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On the difference between SFT and MT & CBT

At the 2009 EBTA conference in Helsinki Janet Bavelas, Harry Korman and Peter de Jong presented their micro analysis research on the different ways in which Motivational, Cognitive Behavioral and Solution Focused Brief therapists co-construct the therapeutic reality.

N.B. As their results have - to my knowledge - not yet been published I have to rely on my notes to tell you the results of their study.

A micro analysis is a detailed examination of observable communication sequences between client and therapist. Their focus was directed to the formulation of the therapist, i.e. the comments, remarks, reformulations, the therapist adds to what the client is saying in order to construct a useful dialogue. They identify formulations as echoing, summarizing, paraphrasing, reflecting, mirroring, ...

They make a distinction between formulations that
1. preserve the clients words (literally or deictically)
2. delete (overlooks) words or phrases of the client
3. rephrase what the client said in altered form
3. add to what the client said

Here are their findings of comaring Berg and Korman (SFT) vs Meichenbaum, Lichtenberg (both CBT) and Miller (MT):

% words preserved exactly: SFT 46% > CBT/MT 23%
% words preserved deictically SFT 11% > CBT/MT 6%
(Together : SFT 57% > CBT/MT 29% !)
% words preserved in altered form SFT 36% < CBT/MT 33%
(about the same)
% words added SFT 10% < CBT/MT 35% (!)

These results show a significant difference between SFT and CBT in the way the therapist co-construct the therapeutic reality.

So, what seems to be "very similar" in the comparison of both therapeutic approaches, appears to be quite different when we take a closer look. That is why it is important not only to compare the theories or what is written about SF and CBT, but also to study what is actually happening in the therapeutical conversation. "Remain at the surface!"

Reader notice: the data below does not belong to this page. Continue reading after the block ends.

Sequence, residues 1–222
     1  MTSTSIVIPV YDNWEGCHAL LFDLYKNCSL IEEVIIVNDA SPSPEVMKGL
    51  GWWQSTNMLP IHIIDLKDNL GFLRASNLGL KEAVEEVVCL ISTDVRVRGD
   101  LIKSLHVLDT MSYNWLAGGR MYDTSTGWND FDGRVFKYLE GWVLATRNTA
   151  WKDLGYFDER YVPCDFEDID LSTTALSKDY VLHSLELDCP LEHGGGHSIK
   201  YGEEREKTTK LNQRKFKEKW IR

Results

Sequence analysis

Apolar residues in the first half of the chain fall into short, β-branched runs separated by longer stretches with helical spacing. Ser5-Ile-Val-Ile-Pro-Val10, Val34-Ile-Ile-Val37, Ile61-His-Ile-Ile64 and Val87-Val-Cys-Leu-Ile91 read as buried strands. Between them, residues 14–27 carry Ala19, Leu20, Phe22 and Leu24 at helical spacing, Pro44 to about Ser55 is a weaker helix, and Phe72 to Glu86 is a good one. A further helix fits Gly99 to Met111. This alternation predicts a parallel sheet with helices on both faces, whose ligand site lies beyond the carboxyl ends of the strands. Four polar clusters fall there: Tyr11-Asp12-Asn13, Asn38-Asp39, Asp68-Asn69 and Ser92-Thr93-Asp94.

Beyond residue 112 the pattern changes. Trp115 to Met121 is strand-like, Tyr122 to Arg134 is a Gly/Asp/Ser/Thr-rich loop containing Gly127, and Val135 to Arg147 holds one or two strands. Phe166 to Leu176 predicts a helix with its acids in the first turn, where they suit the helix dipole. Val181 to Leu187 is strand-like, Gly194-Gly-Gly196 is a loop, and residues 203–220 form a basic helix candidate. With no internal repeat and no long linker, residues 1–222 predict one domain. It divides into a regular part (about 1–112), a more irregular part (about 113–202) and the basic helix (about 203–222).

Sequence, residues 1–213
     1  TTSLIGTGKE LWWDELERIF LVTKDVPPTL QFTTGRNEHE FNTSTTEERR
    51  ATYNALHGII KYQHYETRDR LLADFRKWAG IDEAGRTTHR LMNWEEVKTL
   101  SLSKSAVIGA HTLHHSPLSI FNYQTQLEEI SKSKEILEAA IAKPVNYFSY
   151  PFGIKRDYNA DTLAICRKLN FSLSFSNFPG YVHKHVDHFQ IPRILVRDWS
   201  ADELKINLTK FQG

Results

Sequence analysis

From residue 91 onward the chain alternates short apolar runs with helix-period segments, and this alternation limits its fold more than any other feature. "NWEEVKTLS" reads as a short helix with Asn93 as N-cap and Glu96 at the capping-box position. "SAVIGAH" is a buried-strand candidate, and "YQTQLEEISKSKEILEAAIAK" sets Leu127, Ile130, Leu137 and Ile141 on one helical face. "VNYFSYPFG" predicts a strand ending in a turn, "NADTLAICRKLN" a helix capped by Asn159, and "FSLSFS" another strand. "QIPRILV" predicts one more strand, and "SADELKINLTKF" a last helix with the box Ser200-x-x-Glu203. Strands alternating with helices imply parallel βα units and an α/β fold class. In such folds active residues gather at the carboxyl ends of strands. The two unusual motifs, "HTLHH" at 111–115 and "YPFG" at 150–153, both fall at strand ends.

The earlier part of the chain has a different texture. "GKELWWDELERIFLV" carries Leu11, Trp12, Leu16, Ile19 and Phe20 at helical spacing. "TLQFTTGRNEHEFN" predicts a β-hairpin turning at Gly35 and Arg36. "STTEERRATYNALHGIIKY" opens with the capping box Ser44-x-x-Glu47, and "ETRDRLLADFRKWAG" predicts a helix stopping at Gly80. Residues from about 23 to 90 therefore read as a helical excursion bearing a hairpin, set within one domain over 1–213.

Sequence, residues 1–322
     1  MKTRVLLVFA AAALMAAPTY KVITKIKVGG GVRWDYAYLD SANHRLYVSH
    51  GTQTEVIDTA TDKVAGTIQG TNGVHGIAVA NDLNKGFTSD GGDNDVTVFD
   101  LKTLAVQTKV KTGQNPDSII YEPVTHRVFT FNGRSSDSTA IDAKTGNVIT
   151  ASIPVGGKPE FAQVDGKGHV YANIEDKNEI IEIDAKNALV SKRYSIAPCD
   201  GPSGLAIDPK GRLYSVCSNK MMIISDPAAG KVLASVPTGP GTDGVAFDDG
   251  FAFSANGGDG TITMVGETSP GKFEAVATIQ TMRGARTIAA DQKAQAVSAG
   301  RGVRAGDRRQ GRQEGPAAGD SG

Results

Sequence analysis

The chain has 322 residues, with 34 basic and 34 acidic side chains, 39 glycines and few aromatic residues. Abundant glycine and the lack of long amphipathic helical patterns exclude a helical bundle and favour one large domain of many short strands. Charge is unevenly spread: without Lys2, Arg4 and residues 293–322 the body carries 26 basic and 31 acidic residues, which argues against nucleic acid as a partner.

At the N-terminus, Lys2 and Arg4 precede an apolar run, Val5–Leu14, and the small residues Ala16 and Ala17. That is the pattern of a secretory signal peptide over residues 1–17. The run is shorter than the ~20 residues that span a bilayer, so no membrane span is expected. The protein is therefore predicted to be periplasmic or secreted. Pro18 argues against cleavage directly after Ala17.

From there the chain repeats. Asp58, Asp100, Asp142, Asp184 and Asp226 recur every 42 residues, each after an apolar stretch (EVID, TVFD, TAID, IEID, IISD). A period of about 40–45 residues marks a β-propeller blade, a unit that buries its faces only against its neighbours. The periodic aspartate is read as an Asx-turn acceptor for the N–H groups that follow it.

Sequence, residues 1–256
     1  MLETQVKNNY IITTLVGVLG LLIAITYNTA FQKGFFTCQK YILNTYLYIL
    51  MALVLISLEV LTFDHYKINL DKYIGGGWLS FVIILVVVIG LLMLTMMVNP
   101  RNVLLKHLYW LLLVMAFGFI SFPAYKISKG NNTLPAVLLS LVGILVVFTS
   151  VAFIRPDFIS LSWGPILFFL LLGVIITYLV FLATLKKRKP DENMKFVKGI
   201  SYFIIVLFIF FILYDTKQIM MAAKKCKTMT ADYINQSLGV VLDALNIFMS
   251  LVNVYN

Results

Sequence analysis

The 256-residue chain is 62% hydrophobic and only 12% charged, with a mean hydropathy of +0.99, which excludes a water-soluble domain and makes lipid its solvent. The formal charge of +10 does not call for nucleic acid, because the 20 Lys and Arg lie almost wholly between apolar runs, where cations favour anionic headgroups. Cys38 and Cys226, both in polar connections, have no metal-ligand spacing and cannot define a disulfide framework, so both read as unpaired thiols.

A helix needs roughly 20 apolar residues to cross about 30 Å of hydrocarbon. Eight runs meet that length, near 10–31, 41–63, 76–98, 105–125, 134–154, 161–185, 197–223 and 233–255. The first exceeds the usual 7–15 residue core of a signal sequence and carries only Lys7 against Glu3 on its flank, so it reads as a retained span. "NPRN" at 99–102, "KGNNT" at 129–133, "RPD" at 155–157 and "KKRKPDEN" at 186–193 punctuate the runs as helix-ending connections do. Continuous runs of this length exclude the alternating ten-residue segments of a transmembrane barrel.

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Comment by Katalin Hankovszky on March 3, 2010 at 21:45
Hi guys
I think the brevity yes. (brevity = being brief, or?) Since when using clients words less ‘repairing of understanding’ is needed, or? Hearing his on formulations, or just deictic ‘it’s or ‘this’s, client makes the useful misunderstanding that me as a practitioner ‘understood’ the matter.
Comment by Anton Stellamans on March 2, 2010 at 17:34
Hi Paul, interesting questions, thank you for stimulating my learning process! This is what we intend to encourage on our Sol Summer Retreat, this summer. So glad you'll be there!

I am not really sure if we are able to say that SF is better than MT or CBT. I really don't know if the difference in constructing therapeutic conversations has an impact on the results. It seems to me to be so difficult to prove a statement like that. What's better? What do we measure? What are the dependent and independent variables? ... I am not a psychologist (and don't care to become one).

The research that Harry, Janet and Peter conducted makes a difference in my learning of SF. Over the years I got very familiar with all the steps, techniques, questions and tools we use in a sf conversation. Yet this micro analysis helps me to re-discover what is actually happening in a SF conversation. It provides me with a new set of glasses.

"The real voyage of discovery consists not in seeking new landscapes, but in having new eyes." Marcel Proust

It also helps me to become more minimalistic, using the words and the images of the client and refraining myself from interpreting. And it also helps me in discovering new ways of teaching SF coaching.
Comment by Paul Z Jackson on March 2, 2010 at 9:32
Thanks Anton - so what are the impacts of these differences? Is there something to link differences in practice with differences in results? Might we plausibly propose that the brevity of SF has something to do with the 'respect' for clients' words and accuracy of linguistic practice - so there is a more 'direct' communication going on, for example?

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